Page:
Cerebellopontine angle (CPA) tumors are masses located in the region between the cerebellum and pons. They constitute the most frequently diagnosed tumors of the posterior fossa and account for up to 10% of all intracranial neoplasms.
A majority of the CPA tumors are benign and can be divided into various types, depending on their histopathological features, such as lipomas, acoustic neuromas, meningiomas, hemangiomas and vascular malformations. Most CPA tumors belong to the category of vestibular neuromas (VS, acoustic neuromas) and their symptomatology is dependent upon their anatomical location and their size.
Vestibular neuromas typically cause no symptoms in the initial stages of the disease; occasionally, unilateral tinnitus, headaches, and sensorineural impairment are experienced . Sudden-onset hearing loss is attributed to vascular irregularities since the impairment caused by the acoustic neuroma develops gradually . Similarly, during the initial stages of the condition, vertigo and imbalance tend to be mild, since the unaffected side compensates for the abnormalities. Other symptoms include facial asymmetry, pain, and weakness; These symptoms also tend to be mild and are attributed to the expansion of the tumor with compression of the trigeminal nerve  . A severe degree of facial asymmetry and weakness experienced by the patient usually indicates an extensive tumor and constitutes a more emergent condition.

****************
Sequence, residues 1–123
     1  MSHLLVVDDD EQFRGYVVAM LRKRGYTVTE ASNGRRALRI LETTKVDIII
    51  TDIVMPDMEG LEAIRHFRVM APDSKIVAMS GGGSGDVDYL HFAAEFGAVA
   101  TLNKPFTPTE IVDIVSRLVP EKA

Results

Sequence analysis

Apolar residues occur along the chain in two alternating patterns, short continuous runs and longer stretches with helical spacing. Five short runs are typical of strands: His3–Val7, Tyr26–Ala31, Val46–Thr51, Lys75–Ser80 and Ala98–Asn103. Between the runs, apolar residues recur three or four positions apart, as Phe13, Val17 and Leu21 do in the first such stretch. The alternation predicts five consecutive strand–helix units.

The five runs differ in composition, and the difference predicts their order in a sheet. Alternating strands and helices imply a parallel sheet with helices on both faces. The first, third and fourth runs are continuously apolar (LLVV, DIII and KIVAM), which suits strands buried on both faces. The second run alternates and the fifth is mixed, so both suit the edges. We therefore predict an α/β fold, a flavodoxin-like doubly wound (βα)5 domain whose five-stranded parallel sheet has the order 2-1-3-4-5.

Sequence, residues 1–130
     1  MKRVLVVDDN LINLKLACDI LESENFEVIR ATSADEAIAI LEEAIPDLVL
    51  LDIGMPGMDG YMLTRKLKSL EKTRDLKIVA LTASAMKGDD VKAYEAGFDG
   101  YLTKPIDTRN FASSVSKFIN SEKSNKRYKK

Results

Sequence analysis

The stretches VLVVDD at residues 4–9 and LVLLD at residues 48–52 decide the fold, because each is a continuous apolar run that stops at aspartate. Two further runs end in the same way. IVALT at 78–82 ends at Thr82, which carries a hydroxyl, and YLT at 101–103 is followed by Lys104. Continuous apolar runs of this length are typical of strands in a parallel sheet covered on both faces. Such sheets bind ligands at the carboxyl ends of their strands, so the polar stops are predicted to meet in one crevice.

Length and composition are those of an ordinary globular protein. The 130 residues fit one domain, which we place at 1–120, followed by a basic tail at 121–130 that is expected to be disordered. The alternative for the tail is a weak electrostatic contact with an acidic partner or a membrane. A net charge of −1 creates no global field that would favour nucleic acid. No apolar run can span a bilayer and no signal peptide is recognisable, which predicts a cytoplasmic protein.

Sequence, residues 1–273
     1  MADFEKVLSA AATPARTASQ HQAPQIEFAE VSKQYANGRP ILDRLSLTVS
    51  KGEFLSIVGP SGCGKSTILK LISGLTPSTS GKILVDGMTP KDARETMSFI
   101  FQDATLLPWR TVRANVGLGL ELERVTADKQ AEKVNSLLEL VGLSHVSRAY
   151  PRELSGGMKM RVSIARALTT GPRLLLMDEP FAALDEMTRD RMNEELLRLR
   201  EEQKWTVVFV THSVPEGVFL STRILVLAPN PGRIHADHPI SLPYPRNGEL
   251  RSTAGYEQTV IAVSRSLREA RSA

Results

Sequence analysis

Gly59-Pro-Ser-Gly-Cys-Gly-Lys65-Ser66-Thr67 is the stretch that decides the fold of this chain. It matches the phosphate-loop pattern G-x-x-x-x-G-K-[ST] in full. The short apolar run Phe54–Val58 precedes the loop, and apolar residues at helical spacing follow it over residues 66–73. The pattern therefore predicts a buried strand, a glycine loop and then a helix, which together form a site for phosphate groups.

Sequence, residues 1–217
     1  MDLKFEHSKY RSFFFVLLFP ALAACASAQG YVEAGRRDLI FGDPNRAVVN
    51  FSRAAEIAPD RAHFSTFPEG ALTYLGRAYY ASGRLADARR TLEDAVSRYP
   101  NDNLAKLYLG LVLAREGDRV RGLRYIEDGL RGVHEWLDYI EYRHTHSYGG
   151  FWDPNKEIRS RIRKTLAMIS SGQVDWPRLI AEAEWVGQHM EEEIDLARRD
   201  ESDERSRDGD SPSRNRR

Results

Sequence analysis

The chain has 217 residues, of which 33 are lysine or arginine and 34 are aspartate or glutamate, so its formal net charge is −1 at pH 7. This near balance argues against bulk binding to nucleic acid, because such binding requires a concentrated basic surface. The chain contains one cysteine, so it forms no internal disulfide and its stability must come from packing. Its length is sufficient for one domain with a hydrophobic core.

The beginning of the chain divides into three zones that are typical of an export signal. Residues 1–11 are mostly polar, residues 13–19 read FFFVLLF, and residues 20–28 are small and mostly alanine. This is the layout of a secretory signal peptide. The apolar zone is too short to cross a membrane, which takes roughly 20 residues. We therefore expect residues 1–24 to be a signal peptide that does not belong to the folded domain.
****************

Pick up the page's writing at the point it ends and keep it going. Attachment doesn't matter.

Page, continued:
At the more progressed stages of the disease, ataxia, tremor and loss of coordination begin to manifest. If a VS is left untreated or undiagnosed, it is expected to ultimately lead to communicative hydrocephalus due to elevated intracranial pressure .
Meningiomas are a different subcategory of CPA tumors and are the most frequently diagnosed CPA tumors of non-acoustic nature. Tinnitus, deafness, and imbalance are amongst the primary symptoms induced by meningiomas. Should they expand excessively, symptoms associated with trigeminal involvement and hydrocephalus may be elicited.
Vestibular schwannomas are optimally depicted with the aid of a gadolinium-enhanced magnetic resonance imaging scan (MRI), since it can illustrate even tumors that are smaller than 4 mm . In cases where gadolinium-enhanced MRI is not available, a computerized tomography scan can help to detect small acoustic neuromas; nevertheless, this modality is limited to detecting tumors larger than 1 cm .
Brain stem evoked response audiometry (BERA) is a method that monitors cerebral response to auditory stimuli (clicking sounds). The patterns are evaluated using the normal side as a comparative parameter; retrocochlear tumors are suspected when the pattern deviates considerably from the one displayed on the normal side or when there is an interaural delay. Tumors that are small in size cannot be detected via this modality.
Meningiomas cannot be distinguished from acoustic neuromas by means of examinations which evaluate auditory capacity. A gadolinium-enhanced MRI is the optimum choice in order to diagnose a suspected meningioma. Typical characteristics of a meningioma include a hemispherical tumor, with a broad attachment, forming an obtuse angle with the bone and with an eccentric location.